“By then Credit Suisse had gotten over the hump of being one big bank, knowing we had to report to the mother ship, but continuing to execute regionally. I started getting involved with some critical grassroots efforts the firm was undertaking. Working with new college graduates and engaging the junior staff allowed us to figure out how to best work with the new joiners, the Gen X and Gen Y population that was graduating”
She continued, “I began working to empower these groups – figuring out problems and collaborating with them. I loved doing that, and I got involved in some external industry groups as well, like the Women’s Bond Club and the Financial Women’s Association. And I became more and more satisfied with what I was getting from these relationships and giving to people who could learn from my experiences.”
Women in IT
Sanfilippo also helped create the IT Women’s Council at Credit Suisse, which, at that point, had no managing director women in IT. “I wanted to give women the voice and opportunity to advance their careers. She continued, “The CIO at the time supported this council one hundred percent, and he wanted us to dig into the problems that women faced in IT and help them navigate through the corporate ladder, differently than the men did. The metrics that were gathered showed that the mid-management layer of women needed the most support. When women choose to start a family, they need support from their organization. This is the time these women suddenly disappear from the organizations.”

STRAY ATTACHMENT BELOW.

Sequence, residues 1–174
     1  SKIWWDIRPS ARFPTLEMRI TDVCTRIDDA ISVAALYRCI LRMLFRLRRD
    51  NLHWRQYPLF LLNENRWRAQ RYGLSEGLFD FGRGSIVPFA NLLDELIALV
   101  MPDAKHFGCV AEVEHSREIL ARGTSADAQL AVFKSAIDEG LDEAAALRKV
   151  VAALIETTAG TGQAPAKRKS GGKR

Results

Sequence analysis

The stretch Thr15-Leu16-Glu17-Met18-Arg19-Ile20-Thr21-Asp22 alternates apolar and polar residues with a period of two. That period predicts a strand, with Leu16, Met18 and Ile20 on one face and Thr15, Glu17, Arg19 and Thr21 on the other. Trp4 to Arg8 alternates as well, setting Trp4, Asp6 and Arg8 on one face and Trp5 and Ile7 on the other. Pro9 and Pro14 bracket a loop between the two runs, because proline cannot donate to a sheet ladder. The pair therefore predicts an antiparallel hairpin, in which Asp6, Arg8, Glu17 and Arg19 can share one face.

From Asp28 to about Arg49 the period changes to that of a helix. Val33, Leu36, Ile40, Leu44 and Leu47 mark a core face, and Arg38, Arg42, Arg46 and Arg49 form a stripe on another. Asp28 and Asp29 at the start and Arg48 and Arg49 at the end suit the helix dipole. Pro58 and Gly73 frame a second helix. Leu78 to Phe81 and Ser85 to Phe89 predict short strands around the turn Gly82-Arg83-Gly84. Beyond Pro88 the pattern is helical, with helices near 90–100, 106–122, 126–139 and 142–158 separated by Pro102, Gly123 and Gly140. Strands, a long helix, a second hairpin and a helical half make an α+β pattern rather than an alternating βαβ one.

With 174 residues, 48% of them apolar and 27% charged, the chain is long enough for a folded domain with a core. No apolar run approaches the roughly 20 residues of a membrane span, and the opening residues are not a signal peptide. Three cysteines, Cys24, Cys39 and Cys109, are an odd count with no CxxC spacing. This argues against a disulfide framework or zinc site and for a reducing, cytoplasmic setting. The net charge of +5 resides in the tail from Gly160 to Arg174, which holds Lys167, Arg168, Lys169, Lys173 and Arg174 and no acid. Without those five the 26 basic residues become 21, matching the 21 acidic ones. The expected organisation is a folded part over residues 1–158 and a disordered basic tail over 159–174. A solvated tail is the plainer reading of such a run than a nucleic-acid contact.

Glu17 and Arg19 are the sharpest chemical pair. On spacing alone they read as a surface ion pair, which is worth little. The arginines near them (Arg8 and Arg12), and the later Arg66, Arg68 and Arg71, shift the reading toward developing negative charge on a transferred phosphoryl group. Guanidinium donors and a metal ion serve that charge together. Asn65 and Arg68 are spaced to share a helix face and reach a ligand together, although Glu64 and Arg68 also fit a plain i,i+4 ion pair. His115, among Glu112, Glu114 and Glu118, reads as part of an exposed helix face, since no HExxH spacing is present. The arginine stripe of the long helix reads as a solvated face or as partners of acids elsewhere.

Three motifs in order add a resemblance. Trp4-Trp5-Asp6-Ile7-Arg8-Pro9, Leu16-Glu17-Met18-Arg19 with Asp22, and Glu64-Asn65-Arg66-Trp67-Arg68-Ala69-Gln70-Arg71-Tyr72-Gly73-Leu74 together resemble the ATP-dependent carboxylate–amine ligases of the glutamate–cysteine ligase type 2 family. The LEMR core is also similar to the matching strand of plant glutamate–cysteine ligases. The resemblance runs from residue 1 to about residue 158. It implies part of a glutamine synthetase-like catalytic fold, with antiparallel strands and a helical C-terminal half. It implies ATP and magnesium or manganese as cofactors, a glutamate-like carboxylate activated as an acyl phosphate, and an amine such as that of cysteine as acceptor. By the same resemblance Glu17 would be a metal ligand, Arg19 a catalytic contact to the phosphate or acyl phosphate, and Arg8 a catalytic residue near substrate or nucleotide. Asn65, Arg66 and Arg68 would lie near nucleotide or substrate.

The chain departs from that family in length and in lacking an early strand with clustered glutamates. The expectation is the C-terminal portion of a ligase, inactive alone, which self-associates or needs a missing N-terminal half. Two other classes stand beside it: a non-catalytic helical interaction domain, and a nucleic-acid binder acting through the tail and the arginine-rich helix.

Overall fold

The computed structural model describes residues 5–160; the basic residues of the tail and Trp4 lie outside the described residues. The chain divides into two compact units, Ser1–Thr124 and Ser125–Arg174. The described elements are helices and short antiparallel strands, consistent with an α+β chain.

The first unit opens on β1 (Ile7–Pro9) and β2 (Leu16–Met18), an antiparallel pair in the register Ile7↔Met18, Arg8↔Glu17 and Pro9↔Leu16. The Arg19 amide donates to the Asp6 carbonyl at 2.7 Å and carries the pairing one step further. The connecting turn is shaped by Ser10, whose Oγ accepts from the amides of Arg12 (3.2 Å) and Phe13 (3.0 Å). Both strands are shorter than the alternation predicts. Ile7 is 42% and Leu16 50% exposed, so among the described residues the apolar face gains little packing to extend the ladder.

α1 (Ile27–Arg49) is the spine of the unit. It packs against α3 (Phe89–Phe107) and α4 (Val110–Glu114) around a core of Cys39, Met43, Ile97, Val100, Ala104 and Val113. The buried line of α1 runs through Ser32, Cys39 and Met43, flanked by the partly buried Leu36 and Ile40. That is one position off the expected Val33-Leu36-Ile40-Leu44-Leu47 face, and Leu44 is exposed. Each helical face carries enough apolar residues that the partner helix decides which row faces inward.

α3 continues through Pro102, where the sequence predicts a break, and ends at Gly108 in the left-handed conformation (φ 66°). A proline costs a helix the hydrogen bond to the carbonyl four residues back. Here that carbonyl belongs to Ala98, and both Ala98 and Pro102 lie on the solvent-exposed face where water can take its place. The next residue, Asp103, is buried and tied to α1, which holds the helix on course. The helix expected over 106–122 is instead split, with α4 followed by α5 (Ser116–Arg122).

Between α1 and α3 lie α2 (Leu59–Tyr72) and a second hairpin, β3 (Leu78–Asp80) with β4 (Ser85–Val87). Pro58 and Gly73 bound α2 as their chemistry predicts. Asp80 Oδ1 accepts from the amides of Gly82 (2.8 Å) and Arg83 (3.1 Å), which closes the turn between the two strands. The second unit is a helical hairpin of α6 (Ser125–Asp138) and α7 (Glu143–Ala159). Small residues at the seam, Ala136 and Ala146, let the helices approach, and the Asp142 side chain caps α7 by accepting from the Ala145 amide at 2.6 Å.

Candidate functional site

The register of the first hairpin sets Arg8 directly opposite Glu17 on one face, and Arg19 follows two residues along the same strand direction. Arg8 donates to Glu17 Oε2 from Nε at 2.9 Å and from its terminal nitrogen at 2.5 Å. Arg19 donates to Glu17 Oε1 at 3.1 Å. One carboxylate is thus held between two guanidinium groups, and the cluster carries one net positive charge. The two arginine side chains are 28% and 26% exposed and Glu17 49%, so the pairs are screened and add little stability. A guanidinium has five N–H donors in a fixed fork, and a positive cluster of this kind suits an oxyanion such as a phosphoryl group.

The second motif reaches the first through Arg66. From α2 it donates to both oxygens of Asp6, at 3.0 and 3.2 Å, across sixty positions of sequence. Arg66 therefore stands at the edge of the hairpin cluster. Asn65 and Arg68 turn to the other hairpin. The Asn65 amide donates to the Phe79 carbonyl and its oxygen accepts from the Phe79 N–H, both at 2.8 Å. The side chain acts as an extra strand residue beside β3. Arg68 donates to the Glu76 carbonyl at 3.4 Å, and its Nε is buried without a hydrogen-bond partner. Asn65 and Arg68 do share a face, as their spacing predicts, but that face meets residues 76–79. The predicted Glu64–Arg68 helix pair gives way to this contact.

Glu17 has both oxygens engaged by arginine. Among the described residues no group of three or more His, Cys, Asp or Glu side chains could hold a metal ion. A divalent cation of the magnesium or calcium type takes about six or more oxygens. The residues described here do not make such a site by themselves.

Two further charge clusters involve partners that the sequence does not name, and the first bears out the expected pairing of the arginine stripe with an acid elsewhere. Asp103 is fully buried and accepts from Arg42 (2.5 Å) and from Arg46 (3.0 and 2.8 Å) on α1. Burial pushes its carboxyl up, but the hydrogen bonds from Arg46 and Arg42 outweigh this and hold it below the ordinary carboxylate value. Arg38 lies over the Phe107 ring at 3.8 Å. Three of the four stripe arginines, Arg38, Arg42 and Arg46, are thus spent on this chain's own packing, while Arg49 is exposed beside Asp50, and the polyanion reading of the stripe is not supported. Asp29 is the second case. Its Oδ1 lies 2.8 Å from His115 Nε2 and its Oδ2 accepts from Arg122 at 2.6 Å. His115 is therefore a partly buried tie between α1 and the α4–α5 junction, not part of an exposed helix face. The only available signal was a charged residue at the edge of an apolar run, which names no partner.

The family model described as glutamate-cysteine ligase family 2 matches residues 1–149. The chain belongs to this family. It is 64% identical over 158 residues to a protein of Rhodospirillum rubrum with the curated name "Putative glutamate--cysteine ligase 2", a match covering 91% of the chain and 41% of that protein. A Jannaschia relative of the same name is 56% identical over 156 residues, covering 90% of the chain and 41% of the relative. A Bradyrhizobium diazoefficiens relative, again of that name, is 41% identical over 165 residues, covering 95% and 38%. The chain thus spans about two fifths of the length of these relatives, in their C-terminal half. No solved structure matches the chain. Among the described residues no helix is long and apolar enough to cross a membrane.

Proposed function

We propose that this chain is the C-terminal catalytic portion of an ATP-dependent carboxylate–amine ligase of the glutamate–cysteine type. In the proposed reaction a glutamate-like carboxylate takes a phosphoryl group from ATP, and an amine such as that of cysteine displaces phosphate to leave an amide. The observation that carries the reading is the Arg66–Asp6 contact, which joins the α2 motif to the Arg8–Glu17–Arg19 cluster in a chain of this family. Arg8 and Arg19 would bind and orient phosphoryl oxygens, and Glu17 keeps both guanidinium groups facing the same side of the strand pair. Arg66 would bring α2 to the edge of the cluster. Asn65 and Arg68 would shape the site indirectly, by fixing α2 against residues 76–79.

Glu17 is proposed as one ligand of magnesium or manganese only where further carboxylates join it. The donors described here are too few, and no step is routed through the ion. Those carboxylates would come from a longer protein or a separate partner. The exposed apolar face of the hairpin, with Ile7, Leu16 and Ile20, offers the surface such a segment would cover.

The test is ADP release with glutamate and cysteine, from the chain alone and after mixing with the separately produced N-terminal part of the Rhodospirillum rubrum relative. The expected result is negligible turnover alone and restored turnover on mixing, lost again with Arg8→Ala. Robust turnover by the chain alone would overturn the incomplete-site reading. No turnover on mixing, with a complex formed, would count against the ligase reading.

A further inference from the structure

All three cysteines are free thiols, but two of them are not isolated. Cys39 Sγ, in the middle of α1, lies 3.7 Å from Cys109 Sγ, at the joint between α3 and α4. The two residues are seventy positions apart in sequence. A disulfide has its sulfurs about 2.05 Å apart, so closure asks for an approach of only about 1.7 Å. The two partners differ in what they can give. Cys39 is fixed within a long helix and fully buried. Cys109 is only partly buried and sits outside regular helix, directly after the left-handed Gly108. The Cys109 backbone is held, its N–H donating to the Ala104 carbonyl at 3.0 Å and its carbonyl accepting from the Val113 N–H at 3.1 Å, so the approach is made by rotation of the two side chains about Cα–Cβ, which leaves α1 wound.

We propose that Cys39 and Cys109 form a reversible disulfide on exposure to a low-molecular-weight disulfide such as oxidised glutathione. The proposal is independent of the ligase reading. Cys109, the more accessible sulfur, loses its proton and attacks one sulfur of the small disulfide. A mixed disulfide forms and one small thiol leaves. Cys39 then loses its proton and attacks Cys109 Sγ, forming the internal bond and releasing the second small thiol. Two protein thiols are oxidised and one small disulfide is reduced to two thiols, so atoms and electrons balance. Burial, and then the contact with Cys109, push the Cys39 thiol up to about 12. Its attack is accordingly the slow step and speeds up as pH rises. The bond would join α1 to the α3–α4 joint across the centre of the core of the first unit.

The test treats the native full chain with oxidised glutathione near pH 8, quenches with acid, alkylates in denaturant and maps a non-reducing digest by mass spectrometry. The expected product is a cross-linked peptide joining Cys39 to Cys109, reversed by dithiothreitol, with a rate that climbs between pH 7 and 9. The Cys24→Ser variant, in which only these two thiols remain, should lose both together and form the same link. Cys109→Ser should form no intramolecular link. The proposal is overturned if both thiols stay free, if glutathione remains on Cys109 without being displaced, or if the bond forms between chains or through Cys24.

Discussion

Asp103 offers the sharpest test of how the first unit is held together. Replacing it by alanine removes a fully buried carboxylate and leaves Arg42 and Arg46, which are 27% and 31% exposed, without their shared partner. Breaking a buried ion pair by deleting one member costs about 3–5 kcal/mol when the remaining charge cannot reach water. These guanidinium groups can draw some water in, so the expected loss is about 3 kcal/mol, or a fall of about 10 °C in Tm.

She continued, “We need to put in that support system. The women who need work/life balance help the most are the women in that layer. If you give them the flexibility during those years to figure out their support system, allow them to work from home, create more job-sharing opportunities, we would see fewer women leaving their corporate jobs.”
Sanfilippo began also taking on speaking engagements and getting involved with recruitment – and then after almost ten years at Credit Suisse, she decided it was time to move on. “From a systems perspective, we had kind of cleaned up a lot – and I got a little bored again,” she said.
She continued, “I’ve been at Citi for about six months now – and I love and hate the same thing about the company. It’s so big!”
“I love that it’s big, because I could see how I could have been here for twenty years – it’s like when you look out from a cliff. The amount of opportunity I see here – I haven’t been a part of any business or technology area that’s so massive,” she said.